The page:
- Night in Glasgow - Hotel Indigo

The Tenement House is an ordinary middle-class tenement from the late 19th century, standing in Garnethill. The faithfully restored four rooms appear as if frozen in time and provide a rare glimpse into life in Glasgow in the early 20th century.

Shorthand typist Miss Agnes Toward lived here from 1911 until 1965, and preserved her furniture and possessions with love and care. She held on to all sorts of things that most people would have thrown away, and this extensive personal archive is a valuable time capsule for visitors today. The Tenement House also reveals what it meant to be an ‘independent woman’ at that time. 


Day 4: SATURDAY: Sept 9:  Arrive 10:00   Glasgow School of Art –

The Glasgow School of Art (GSA) is Scotland's only public self-

governing art school offering university-level programs and research in architecture, fine art and design. The school is housed in one of Glasgow's most famous buildings, often considered the masterpiece of Charles Rennie Mackintosh, built 1897-1909. Severely damaged by a fire in May 2014, the building is now undergoing a careful restoration.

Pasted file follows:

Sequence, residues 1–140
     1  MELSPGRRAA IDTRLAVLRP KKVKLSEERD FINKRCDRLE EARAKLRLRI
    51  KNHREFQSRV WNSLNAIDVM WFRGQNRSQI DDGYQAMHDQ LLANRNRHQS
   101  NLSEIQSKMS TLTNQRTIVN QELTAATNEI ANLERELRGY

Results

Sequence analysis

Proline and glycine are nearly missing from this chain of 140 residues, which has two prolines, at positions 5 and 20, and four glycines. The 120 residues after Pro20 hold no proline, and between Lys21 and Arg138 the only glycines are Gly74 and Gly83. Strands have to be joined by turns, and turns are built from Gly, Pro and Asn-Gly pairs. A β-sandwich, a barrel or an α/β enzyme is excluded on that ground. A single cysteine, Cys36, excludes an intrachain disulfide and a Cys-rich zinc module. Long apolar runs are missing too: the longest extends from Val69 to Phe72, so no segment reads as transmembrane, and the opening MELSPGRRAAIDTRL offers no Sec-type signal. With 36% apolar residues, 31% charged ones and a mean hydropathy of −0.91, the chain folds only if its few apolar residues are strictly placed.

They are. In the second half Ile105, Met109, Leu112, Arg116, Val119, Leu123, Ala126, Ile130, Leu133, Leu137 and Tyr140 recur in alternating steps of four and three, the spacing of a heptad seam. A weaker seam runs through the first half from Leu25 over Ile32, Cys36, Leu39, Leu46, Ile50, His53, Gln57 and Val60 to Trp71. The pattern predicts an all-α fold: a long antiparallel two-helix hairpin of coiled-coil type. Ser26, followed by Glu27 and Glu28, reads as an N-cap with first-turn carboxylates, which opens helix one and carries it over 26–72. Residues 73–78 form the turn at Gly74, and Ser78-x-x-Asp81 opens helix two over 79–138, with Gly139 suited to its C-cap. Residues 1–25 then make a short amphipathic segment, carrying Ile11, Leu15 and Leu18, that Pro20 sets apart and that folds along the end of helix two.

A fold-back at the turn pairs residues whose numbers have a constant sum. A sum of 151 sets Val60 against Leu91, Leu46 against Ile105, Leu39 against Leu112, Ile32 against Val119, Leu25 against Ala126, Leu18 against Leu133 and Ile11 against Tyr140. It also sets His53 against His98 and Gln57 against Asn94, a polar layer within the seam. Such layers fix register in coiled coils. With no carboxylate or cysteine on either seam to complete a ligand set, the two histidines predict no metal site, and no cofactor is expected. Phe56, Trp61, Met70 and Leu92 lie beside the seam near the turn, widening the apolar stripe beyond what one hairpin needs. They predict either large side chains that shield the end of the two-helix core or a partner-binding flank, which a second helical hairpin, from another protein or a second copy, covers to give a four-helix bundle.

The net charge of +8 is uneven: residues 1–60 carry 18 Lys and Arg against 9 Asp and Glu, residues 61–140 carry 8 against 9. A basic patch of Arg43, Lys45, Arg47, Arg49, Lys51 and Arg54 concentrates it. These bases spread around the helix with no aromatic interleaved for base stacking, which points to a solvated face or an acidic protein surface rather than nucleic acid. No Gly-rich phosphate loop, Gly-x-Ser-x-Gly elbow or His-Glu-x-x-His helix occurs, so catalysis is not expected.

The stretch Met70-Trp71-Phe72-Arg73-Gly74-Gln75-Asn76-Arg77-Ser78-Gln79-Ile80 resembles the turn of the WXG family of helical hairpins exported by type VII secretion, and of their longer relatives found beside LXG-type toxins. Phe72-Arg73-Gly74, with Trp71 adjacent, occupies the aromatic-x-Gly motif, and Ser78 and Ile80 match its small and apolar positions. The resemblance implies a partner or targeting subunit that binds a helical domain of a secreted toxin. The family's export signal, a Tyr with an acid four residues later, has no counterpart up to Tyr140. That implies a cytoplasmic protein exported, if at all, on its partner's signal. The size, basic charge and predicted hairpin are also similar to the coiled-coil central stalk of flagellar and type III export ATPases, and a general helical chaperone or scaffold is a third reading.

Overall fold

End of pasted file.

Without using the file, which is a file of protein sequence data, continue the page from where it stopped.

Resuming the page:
10:30 Guided tour of Glasgow School of Art.

12:00 Drive to Hill House in Helensburgh (45mn)

13:00  lunch  at Hill House then visit house and gardens – 

           Hill House - one of Charles and Margaret Macdonald

Mackintosh's most famous works, probably second only to the Glasgow School of Art. It was designed and built for the publisher Walter Blackie in 1902 – 1904.

In addition to the house, Mackintosh designed most of the interior, furniture and fittings. Mackintosh's attention to detail extended to prescribing the colors of cut flowers that the Blackies might place on a table in the living room. 

16:00– drive (2 hr) to Pitlochry, passing by Loch Lomond, a freshwater

Scottish loch which crosses the Highland Boundary Fault. It is the largest inland stretch of water in Great Britain by surface area. The loch contains many islands, including Inchmurrin, the largest fresh-water island in the British Isles. Loch Lomond is a popular leisure destination and is featured in the song "The Bonnie Banks o' Loch Lomond". The Loch is now part of the Loch Lomond and The Trossachs National Park which was established in 2002. Loch Lomond is a corruption of the Gaelic Lac Leaman, or 'Lake of the Elms'